What’s it all about?:
Before Manga captured the imagination of the world, Japanese artists sculpted a miniature society of human and not-quite human characters. These are ‘netsuke’ tiny figures, threaded by cords, which were used to hold in place the ‘purse’ that hung from a kimono. Carved from wood, ivory or bone, they formed an exotic society, reflecting the history, culture and fantasy life of Japan. Now, for the first time, their individual stories come to life, and the unfamiliar and often startling nature of their society. Meet Momo, the beautiful but conflicted geisha cat; discover the dreams of the mermaids who worship Esther Williams; witness the rise and fall of a ruthless politician who plays the ‘alien’ card; encounter the creatures of legend and the demons who star in horror movies; learn the peculiar practices and customs of netsuke sexuality; try to solve the mystery of why netsuke suddenly disappear; admire the heroic quest to create a national orchestra; enjoy the embarrassment of a martial arts struggle gone peculiarly awry; share the hopes of an autumn and spring love story; face the threat to netsuke society of the plastic invasion.
What did I think?:
Netsuke, pronounced “nets’kay,” have become a bit of a cult phenomenon. They could be human, animal or mythical in appearance, and the author informs us that once we encounter them we will “at once become enchanted. Each chapter in this book is devoted to a certain netsuke character whilst the author explores their world and tells their stories. I found each section compelling in its own right, but was drawn more to some than others. One of my favourites is Chapter 5 – exploring sexuality in the Netsuke Nation, where I was very amused by the sexual imagery i.e. number and type of phalluses present in this mythical world. The author’s sense of humour really shines in this chapter:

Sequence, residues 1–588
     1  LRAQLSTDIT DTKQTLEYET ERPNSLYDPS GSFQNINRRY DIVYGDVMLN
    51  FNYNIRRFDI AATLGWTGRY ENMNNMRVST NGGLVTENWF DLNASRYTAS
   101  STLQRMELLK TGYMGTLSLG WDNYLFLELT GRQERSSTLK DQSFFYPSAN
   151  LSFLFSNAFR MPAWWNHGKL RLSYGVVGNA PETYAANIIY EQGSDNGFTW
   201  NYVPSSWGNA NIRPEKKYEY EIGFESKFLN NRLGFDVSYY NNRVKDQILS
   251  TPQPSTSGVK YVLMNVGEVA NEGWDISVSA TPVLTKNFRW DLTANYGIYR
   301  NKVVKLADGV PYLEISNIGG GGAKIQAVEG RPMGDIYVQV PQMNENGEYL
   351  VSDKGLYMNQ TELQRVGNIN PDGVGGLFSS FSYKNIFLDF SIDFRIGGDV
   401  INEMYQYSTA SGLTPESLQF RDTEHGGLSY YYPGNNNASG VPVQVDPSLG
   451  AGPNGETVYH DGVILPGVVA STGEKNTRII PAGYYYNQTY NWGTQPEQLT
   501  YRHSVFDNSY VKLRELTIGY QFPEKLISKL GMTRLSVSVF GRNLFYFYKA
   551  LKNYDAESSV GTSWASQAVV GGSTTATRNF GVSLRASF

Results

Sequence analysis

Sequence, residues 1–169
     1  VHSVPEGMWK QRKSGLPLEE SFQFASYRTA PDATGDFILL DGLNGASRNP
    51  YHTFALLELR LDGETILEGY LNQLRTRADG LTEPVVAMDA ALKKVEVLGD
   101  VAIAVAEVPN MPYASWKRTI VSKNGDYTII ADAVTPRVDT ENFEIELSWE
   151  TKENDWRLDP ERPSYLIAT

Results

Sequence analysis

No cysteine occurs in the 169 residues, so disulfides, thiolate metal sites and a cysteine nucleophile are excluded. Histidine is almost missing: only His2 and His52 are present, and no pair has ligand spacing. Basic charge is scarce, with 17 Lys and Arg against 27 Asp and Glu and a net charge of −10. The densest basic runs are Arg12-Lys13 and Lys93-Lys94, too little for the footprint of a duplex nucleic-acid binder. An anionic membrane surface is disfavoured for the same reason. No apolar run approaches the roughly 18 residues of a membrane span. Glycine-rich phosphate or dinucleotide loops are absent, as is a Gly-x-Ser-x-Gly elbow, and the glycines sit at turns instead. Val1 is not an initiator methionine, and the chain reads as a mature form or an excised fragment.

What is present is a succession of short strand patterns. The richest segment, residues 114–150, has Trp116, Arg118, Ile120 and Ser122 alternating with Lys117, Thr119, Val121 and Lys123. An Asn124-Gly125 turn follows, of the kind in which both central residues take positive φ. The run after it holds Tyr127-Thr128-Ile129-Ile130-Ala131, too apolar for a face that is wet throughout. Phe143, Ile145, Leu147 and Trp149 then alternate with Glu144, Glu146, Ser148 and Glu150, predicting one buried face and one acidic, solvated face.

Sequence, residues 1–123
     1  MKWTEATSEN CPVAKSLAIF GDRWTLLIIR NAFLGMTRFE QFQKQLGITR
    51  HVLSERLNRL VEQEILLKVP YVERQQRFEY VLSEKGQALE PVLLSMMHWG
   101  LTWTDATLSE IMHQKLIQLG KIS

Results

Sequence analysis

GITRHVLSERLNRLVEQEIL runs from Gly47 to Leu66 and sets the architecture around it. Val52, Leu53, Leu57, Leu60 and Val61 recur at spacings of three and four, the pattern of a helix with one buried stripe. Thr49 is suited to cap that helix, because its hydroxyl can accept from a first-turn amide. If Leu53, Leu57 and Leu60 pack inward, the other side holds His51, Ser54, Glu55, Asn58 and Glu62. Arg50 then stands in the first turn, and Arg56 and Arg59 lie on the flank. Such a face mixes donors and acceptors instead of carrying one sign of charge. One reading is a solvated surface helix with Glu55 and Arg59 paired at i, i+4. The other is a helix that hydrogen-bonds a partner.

“On stage scantily dressed or naked, partnered figures would strike a number of poses representing the beginning of any number of exotic sexual positions or acts, but they were careful to maintain their frozen position as long as they were visible to the audience. But having established the “tableau,” a short blackout would follow, during which the performers would make the next logical move in their particular act, to be revealed, again motionless, once the lights were turned back on. By repeating the technique the audience could enjoy pretty much the entire spectacle, while the performers staying strictly within the letter of the law.”
Beware…never read this chapter on public transport, you will not be able to help sniggering. Oh, and Chapter 7. The author’s ponderings of the best partner for a mermaid (human, crustacean or their personal preference, the humble octopus) are absolutely hilarious and there are too many passages of comic genius to quote. And who knew that the beautiful act of calligraphy can perhaps be traced back to an unfortunate “accident?.”
Some of the other chapters were a little less compelling, and I didn’t really get on with the sections detailing netsuke politics or the authors attempt at detective fiction. However, it is clear that the author has a talent for writing (especially the humorous kind), and I will look out for his further works. Many thanks to Net Galley and Troubador Publishing Ltd for this title.
Would I recommend it?:
Star rating (out of 5):